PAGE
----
Sly & The Family Stone
Very late on Saturday evening, or rather Sunday morning, came Sly & The Family Stone: 3:30 am. Led by Sly Stone, they were pioneers of Funk-Rock which was still based on Soul and R&B added with some psychedelic elements as well as Gospel. The band consisted of black and white members, men and women, which wasn’t that usual at that time. Given their late appearance Sly & The Family Stone were remarkably fresh and powerful. The Woodstock show is widely considered as one of their best performances.

Blood, Sweat & Tears
Blood, Sweat & Tears had a distinctive R&B sound and gained a huge popularity in the 60s. Their first few albums were well received and it was no big surprise that they ended up in Woodstock, too. They started around 1.30 am in the night of Sunday to Monday. So it was already the 18th of August, the last day of the festival.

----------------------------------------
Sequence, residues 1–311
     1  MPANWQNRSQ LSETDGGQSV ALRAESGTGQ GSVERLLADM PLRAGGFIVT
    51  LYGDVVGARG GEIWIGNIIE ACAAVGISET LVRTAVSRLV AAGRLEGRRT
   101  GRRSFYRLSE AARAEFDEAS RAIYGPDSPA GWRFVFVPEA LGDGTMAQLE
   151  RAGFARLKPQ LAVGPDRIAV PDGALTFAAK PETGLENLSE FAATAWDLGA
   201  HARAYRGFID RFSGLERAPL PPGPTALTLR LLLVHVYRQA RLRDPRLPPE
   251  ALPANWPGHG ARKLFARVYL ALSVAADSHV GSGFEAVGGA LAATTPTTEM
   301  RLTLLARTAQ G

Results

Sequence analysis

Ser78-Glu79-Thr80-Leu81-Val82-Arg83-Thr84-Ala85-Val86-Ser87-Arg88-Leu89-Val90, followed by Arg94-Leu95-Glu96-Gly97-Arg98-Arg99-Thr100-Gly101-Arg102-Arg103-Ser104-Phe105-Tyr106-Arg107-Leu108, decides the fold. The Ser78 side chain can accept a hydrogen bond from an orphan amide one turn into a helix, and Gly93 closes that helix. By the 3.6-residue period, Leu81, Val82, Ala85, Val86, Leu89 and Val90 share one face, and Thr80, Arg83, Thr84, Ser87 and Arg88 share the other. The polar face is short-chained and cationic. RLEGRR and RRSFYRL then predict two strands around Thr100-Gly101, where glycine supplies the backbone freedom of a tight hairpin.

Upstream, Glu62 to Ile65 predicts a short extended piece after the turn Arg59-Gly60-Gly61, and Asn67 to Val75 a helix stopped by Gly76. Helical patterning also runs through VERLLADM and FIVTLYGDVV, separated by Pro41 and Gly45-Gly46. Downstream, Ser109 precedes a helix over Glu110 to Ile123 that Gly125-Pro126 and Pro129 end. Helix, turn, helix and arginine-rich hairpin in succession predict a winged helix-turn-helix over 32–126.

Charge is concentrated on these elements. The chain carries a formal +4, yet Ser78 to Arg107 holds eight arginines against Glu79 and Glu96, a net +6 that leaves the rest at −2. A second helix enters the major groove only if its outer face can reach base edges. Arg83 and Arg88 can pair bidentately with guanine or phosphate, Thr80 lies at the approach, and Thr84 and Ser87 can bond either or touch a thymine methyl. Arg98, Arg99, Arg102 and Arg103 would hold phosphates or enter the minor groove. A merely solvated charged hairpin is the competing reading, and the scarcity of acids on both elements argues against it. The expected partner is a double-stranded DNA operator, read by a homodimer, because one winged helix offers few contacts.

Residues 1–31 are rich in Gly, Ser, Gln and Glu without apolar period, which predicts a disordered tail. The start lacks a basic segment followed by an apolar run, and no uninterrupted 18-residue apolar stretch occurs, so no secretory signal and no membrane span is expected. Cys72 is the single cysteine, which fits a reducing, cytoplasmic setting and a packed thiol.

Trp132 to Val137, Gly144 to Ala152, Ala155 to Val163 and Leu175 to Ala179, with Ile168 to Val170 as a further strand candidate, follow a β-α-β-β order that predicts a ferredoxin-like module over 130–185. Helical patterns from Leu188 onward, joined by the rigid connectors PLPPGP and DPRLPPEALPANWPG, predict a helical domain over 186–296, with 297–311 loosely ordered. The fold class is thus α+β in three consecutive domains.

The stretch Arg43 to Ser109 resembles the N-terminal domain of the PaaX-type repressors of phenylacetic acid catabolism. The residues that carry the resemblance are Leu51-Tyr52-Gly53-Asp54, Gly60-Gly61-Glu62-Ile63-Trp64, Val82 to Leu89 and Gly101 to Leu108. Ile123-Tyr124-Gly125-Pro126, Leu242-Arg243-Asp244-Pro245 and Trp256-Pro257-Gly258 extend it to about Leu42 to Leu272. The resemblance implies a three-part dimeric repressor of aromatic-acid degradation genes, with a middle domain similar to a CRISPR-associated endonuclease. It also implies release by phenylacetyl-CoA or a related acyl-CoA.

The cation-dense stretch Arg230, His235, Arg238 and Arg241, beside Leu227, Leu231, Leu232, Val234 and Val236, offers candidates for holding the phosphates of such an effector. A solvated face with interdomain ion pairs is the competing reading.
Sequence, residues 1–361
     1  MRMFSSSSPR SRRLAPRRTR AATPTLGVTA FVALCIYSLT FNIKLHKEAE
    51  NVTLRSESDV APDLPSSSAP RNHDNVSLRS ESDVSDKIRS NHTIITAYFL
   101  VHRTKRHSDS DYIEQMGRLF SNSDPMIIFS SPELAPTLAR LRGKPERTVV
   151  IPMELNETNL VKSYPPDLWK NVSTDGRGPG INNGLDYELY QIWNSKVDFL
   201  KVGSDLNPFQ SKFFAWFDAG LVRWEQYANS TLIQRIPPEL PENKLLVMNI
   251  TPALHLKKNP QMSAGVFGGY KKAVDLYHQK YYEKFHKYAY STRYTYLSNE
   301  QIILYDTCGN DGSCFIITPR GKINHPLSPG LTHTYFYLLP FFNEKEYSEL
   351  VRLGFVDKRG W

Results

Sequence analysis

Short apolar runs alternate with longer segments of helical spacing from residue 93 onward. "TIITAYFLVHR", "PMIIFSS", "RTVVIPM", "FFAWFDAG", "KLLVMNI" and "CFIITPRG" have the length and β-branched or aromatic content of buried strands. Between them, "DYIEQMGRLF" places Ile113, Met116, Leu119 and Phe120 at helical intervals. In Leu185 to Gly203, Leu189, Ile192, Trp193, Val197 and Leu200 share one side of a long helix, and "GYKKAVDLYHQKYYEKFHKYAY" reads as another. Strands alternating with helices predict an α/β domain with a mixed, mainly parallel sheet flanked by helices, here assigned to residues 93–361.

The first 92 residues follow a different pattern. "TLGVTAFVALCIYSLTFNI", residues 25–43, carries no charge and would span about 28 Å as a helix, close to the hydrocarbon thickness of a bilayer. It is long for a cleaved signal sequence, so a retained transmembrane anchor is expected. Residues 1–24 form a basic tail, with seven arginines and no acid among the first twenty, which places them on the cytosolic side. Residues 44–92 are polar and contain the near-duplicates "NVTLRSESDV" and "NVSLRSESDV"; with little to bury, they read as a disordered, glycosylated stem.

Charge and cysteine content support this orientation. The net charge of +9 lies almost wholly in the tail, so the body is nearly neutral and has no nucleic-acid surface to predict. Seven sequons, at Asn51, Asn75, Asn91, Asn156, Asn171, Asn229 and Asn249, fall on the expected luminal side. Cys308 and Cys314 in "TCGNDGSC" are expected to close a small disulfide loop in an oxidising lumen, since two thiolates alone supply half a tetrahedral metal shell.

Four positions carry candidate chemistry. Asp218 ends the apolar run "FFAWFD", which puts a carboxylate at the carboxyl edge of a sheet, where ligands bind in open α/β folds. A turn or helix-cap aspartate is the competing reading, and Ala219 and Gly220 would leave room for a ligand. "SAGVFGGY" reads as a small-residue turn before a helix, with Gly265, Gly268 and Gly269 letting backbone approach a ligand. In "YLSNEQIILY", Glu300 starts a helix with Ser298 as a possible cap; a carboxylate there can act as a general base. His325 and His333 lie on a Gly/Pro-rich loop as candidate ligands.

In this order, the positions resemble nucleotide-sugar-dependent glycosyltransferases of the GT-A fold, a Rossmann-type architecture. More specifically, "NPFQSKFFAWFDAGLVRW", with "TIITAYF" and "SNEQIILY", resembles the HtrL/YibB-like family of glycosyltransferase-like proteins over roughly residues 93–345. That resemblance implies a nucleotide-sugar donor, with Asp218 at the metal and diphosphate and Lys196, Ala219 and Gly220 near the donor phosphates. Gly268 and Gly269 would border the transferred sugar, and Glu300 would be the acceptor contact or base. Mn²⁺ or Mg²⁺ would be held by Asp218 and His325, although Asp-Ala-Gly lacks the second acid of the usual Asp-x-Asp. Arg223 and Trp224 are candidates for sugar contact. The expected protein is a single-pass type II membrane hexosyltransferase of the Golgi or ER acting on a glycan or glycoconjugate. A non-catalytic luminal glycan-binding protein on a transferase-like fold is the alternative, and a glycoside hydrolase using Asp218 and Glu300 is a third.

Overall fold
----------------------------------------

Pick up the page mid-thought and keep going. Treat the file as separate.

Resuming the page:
Crosby, Stills & Nash (and Young)
Their first gig was on August 17, 1969 at the Auditorium Theater in Chicago, with Joni Mitchell as their opening act. They mentioned they were going to someplace called Woodstock the next day, but they had no idea where that was. They began their second set that night with the same line they uttered at Woodstock, “This is only the second time we’ve performed in front of people. We’re scared sh!tless.” They opened with “Suite: Judy Blue Eyes” before launching into a harmony-drenched version of The Beatles’ “Blackbird”. Their second show was a baptism by fire at the Woodstock Festival. CSNY’s recording of the Joni Mitchell song memorializing Woodstock would later become a hit and the recording most as.sociated with the festival.